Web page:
Just as glasses range in size, the styles can be drastically different. There are serious tasting glasses for the serious agave fans, shot glasses for the revelers, and cocktail glasses that are more universal. There are traditional Mexican glasses, and glasses that can be used for all types of spirits from around the world.
Consider how you consume your tequila. Is it among friends in cocktail form? There are beautiful rocks glasses that will pair perfectly with that occasion. Do you like to compare and contrast tequilas? Perhaps a set of copitas so you can host a tasting. If you're nerdy about agave, there are precise glasses for sniffing and swirling.
What is a tequila glass?
The definition of a tequila glass is dependent on what you're looking for! The essential tequila cup is a copita, with an expansive middle and a narrow rim. Beverage professionals who focus on a variety of spirits will lean towards a flute or a Glencairn glass to concentrate the aromas. If you’re looking for cocktails, a margarita glass or rocks glass will do all very well.
Are whiskey and tequila glasses the same?
Not technically, but both will offer similar benefits. Both are designed to express the aromas and highlight all the nuances of a spirit, whether that’s agave or grain-based. Tequila glasses will differ slightly, but if you’re in a pinch, you can certainly use a whiskey glass.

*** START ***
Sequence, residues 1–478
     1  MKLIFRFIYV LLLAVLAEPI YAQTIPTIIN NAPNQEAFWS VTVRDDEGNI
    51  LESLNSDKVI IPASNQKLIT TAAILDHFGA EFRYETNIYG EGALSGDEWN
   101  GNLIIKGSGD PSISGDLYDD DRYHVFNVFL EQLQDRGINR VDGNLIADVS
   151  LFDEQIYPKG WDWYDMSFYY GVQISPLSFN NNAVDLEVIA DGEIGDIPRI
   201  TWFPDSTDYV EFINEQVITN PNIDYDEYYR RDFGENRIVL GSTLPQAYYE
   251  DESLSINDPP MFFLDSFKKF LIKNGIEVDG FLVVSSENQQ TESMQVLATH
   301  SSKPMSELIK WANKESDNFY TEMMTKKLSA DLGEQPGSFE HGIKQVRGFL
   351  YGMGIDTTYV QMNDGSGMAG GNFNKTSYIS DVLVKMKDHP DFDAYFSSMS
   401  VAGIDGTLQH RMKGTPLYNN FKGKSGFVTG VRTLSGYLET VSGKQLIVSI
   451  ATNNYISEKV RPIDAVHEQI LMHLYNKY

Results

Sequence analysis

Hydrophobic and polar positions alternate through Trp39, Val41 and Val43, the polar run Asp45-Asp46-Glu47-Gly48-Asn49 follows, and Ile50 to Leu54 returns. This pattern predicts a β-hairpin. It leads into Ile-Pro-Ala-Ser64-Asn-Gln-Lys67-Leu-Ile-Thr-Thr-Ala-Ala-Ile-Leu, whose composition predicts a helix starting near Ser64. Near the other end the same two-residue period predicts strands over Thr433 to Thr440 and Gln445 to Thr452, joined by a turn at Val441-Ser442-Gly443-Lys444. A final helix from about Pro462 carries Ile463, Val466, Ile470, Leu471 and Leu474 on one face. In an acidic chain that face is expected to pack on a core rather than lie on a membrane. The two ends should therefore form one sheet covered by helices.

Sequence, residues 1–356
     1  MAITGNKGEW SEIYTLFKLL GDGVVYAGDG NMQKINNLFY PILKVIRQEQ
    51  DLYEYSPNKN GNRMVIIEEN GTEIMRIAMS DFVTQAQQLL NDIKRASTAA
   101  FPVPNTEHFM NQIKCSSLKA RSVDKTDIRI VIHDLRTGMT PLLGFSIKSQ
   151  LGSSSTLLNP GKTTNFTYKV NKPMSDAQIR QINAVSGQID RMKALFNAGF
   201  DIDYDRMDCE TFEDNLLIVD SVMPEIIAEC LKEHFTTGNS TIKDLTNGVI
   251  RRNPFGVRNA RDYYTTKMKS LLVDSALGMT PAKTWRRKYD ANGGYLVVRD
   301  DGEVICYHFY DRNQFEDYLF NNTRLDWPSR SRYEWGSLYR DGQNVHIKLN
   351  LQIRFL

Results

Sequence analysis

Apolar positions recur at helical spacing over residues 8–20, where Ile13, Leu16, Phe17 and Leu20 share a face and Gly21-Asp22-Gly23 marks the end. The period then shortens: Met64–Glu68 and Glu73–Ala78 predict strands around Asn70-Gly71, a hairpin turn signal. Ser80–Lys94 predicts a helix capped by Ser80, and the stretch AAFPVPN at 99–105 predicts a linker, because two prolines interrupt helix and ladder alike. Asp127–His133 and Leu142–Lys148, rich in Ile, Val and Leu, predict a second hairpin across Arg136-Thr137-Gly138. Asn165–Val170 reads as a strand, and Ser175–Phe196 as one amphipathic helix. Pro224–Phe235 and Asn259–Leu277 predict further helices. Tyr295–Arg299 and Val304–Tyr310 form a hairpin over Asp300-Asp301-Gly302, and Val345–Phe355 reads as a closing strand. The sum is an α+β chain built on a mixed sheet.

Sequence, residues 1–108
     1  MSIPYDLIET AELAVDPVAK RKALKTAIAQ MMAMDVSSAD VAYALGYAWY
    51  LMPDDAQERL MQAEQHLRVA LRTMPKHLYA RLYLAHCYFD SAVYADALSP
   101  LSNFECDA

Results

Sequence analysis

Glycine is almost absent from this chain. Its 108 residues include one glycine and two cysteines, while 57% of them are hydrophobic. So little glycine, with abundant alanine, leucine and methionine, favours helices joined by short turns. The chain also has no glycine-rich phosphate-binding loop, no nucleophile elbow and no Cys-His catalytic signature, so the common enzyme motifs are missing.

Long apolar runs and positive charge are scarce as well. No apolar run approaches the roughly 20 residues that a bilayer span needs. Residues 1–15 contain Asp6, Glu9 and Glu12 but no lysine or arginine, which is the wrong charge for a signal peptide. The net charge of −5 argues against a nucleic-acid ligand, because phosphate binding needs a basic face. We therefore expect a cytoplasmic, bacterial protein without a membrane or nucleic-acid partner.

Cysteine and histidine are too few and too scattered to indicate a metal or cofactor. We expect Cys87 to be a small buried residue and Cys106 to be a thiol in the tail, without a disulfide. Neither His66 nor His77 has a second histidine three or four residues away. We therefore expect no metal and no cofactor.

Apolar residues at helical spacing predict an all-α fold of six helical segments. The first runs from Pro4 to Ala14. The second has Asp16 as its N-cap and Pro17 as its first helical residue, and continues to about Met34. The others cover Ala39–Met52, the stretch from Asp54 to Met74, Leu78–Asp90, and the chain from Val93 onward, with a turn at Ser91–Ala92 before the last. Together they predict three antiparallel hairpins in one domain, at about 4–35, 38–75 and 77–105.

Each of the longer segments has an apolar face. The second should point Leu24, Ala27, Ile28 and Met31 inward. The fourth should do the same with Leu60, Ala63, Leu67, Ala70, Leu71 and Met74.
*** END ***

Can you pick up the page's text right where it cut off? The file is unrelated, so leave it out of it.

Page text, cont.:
How many ounces are in a standard tequila glass (and how much should you fill it)?
A standard sipping glass will sit around 3 ounces in capacity. However don’t fill it that high, you want to save an ounce or two of room to be able to swirl the liquid and open up the spirit.
How do you serve tequila in a tequila glass?
All you need is glass and tequila! From there, you can add accouterments — like salts, citrus, or crickets — if you wish.
Why Trust The Spruce Eats
Kate Dingwall is a seasoned wine and spirits writer and trained sommelier and spirits expert. She holds her WSET and Bar Smarts and has written for publications such as Wine Enthusiast, Liquor.com, and Eater. She has even harvested her own agave in Jalisco (though she wasn’t particularly good at it). For this article, she interviewed seven agave spirits experts.